Secondary prevention includes early intervention after the traumatic event, with the aim of preventing PTSI. Secondary prevention usually occurs within one-month post-trauma; some interventions occur within the first week post-trauma. For example, critical incident stress debriefing, as part of the critical incident stress management program is a one-off, small group, crisis-focused discussion that occurs at least 24 h post-incident [77,78]. Though there is mixed evidence for the utilization of critical incident stress debriefing in PTSI prevention [79,80,81], when used properly (e.g., as part of a program) it has been shown to increase the quality of life and posttraumatic growth and to reduce PTSI and substance use in PSP populations [82,83,84]. Debriefing has also been shown to benefit HCWs [85].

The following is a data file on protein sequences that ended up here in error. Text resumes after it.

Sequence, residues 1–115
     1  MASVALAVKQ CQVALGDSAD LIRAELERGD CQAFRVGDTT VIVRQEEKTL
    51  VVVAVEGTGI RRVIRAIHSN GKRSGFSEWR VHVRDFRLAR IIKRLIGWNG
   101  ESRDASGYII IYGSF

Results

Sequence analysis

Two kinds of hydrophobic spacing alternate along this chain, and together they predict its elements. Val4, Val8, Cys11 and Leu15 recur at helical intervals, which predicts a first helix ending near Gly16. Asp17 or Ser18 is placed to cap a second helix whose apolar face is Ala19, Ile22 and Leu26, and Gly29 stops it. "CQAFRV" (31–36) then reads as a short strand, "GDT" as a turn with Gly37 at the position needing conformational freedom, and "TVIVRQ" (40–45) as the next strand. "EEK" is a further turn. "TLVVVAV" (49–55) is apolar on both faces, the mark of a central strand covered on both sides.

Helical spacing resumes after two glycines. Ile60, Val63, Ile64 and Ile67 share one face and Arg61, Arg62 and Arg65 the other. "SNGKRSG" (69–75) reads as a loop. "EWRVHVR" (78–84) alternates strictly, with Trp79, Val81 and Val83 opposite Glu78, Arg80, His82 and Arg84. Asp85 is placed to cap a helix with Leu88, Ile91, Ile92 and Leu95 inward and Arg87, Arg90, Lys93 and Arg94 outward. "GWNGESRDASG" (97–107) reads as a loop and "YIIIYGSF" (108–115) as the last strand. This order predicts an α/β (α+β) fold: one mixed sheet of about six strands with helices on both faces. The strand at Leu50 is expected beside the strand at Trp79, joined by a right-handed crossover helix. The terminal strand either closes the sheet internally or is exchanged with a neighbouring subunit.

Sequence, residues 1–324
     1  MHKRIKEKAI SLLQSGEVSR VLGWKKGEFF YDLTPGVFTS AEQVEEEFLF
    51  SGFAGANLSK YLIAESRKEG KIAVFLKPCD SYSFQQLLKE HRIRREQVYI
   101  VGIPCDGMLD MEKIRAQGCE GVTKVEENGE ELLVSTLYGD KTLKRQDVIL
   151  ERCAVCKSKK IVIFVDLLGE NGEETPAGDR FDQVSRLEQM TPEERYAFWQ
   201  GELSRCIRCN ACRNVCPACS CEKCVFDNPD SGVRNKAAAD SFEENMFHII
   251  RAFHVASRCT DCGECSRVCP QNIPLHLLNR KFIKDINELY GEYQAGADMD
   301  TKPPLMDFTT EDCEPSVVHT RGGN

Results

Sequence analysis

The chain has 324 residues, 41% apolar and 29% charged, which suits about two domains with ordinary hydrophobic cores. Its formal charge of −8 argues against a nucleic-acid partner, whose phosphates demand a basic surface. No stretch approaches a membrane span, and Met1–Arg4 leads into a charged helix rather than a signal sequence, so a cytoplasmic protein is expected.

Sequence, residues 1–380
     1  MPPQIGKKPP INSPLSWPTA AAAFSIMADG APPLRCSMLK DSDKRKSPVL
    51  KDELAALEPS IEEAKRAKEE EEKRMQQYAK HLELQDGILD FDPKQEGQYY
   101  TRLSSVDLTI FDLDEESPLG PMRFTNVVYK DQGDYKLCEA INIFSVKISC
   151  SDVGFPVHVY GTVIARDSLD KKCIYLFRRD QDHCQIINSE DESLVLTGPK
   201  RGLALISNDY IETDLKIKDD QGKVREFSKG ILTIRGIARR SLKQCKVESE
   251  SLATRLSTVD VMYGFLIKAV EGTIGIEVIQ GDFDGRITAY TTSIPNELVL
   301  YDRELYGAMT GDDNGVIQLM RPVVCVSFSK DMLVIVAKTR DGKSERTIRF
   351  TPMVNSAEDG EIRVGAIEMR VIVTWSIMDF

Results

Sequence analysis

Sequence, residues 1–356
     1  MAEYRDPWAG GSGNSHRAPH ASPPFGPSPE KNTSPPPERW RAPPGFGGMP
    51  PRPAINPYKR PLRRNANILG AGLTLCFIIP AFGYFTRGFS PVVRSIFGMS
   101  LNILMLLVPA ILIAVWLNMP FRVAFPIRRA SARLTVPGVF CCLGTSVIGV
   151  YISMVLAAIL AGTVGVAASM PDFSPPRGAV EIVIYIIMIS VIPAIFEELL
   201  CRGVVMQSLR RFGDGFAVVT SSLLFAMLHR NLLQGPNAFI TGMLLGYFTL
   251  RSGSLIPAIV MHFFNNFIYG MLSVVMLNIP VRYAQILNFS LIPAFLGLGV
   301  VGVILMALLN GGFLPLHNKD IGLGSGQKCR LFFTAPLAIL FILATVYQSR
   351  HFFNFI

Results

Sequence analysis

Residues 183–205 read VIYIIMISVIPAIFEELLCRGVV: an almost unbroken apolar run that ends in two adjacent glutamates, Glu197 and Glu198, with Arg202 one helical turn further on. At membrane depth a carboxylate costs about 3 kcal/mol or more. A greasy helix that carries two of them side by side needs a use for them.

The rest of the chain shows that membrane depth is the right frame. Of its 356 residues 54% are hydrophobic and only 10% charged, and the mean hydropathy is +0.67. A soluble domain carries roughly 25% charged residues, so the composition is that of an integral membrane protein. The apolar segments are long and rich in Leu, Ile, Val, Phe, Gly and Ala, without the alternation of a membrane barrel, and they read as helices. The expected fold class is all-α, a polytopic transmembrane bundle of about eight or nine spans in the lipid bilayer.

Identification of those in distress enables timely intervention, reduces mental/physical sequelae and improves productivity [3,86,87,88]. Furthermore, this can protect compromised individuals from being exposed to another traumatic event prior to receiving adequate emotional support. Multiple screening tools have been created and validated for the purposes of detecting individuals suffering from psychological distress and symptoms of PTSI. Tools developed to assess the severity of posttraumatic stress symptoms such as the Posttraumatic Stress Disorder Checklist-Civilian Version [89], the Impact of Event Scale-Revised [90], and the Posttraumatic Stress Disorder Symptom Scale-Self-Report Version [91] are often used as screening tools. Although diagnosis should not be made by self-report screening tools alone, a 2005 systematic review revealed over 85% mean diagnostic efficiency for screening tools [92]. Screening as a form of secondary prevention should also include questions regarding risk factors for PTSI and other adverse mental health outcomes. For instance, PSP who do not have families or perceived family support may be at increased risk of PTSI; therefore, questions might be included regarding the perception of social support at work and home. This is not a static risk factor and therefore should not only be measured before a traumatic event; emerging PTSI may impact close relationships and decrease one’s sense of perceived social support.